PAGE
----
A California judge ruled that a teen girl who was declared brain dead more than three years ago after a tonsillectomy may technically still be alive, allowing a malpractice lawsuit against the hospital to move forward and possibly setting up the family to have her care paid for if they succeed.
Alameda County Judge Stephen Pulido ruled Tuesday that it’s up to a jury to determine whether Jahi McMath is alive, which would increase the damages jurors could award if they determine doctors at Children’s Hospital in Oakland botched a routine operation to remove the girl’s tonsils.
In California, non-economic damages such as pain and suffering are capped at $250,000 for medical malpractice. But juries can award unlimited economic damages far above that cap for ongoing medical care, which Jahi’s family could not claim if she were declared dead.
Jahi’s case has been at the center of national debate over brain death since the girl’s mother refused to remove her daughter from life support after doctors declared the then-13-year-old dead after surgery in December 2013.
Doctors say she had irreversible brain damage from a lack of oxygen and suffered cardiac arrest. A coroner signed a death certificate the following month.
The girl is connected to a ventilator and receives medical care in New Jersey, the only U.S. state that accommodates religions that don’t recognize brain death.
Chris Dolan, who represents the family in a federal lawsuit seeking to rescind Jahi’s death certificate, said the family was “overjoyed” with the judge’s ruling.
“It’s literally a matter of life and death,” said Dolan, who is seeking the unprecedented verdict from a jury so the family can move the girl back to California, where doctors would be compelled to care for her.
Bruce Brusavich, a lawyer representing the family in the malpractice case, didn’t return a phone message Thursday seeking comment. A lawyer for the hospital, Thomas Still, didn’t return a phone call.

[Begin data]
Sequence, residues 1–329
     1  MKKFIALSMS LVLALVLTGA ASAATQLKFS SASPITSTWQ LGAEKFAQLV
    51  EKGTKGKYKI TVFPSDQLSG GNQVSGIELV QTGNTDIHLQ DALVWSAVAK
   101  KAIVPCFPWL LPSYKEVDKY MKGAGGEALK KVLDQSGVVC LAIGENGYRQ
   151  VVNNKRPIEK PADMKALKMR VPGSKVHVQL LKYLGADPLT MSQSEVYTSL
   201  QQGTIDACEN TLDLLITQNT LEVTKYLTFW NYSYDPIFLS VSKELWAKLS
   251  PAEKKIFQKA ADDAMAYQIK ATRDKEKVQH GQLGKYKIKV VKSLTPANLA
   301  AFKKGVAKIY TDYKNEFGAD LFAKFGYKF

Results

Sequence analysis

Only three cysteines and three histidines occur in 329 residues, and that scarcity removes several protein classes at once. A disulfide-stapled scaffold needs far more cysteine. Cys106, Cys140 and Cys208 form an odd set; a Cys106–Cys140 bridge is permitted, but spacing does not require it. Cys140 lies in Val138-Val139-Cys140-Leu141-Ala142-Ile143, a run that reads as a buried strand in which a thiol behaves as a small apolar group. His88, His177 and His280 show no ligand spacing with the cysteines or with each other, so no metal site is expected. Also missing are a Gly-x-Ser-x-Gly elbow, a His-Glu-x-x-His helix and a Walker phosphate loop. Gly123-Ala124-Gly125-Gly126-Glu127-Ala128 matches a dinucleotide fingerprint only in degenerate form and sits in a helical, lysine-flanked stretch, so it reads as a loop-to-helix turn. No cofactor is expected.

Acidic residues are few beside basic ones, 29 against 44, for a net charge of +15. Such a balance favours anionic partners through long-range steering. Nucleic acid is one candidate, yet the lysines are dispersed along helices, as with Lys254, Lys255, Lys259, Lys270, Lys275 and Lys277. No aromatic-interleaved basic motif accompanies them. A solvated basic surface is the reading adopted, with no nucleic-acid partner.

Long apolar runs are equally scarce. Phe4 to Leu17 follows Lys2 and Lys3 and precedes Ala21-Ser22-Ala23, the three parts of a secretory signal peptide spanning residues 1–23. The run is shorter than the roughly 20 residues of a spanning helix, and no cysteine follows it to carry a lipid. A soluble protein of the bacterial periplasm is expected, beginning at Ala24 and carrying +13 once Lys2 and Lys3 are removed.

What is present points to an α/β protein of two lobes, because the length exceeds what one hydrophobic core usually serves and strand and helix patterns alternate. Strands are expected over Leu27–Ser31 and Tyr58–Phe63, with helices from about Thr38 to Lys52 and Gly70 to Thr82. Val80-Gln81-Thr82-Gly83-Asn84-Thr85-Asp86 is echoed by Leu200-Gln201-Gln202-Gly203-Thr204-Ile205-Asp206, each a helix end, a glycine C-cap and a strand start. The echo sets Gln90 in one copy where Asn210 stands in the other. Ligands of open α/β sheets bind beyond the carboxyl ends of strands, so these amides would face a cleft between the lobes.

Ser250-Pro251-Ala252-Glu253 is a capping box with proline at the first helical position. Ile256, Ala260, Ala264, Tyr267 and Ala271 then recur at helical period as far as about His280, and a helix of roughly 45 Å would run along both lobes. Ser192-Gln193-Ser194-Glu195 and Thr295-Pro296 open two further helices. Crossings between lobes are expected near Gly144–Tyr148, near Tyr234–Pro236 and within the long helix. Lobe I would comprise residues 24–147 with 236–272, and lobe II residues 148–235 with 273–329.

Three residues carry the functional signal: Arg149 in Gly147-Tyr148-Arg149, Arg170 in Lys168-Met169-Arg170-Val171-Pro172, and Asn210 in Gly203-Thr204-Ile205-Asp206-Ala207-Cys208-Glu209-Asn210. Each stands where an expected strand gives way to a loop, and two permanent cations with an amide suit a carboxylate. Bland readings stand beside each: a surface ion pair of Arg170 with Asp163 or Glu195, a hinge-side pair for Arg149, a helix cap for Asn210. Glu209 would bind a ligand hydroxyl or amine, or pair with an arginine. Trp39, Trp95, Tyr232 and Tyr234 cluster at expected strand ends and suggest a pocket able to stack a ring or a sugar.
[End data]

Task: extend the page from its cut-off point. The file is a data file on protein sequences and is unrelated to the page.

Hospital lawyers have argued that the family has not subjected Jahi to tests accepted by the American Medical Association to determine whether someone is brain dead.
Dolan argues that technological advances such as brain scans have made obsolete traditional tests that doctors rely on to diagnose brain death.
Jahi’s case reignited the debate over brain death 15 years after the family of Terry Schiavo fought a bitter, drawn-out legal battle starting in 1998 over whether to remove the Florida woman’s feeding tube.
In Jahi’s case, her mother acknowledges that the girl’s brain is severely and irreparably damaged, Dolan said. But Latasha Spears Winkfield said her daughter is still alive and her Christian beliefs compel her fight to keep her daughter on life support, Dolan said.
Winkfield has released video clips of Jahi’s fingers twitching and toes wiggling. Several doctors, including two hired by a California court, have said brain-dead patients can still twitch and move slightly.
Court records show that New Jersey’s Medicaid program has picked up some of the girl’s health costs. The family also has received financial contributions from an online fundraising campaign.
In ordering the case to trial, Alameda County Judge Stephen Pulido relied on the testimony of a well-known critic of the way experts diagnose brain death, Dr. Alan Shewmon.
The retired neurologist said in court documents filed in July that videos recorded by McMath’s family from 2014 to 2016 showed the teen was still alive.
The images, some made public by the girl’s relatives, show Jahi twitching her fingers and reacting to odors that Shewmon and her relatives said were noxious without providing more specifics. Shewmon said Jahi’s body has not deteriorated as expected.
A doctor who examines the girl every three months for the family has testified that Jahi had reached puberty. Shewmon says Jahi is in a “minimally responsive state.”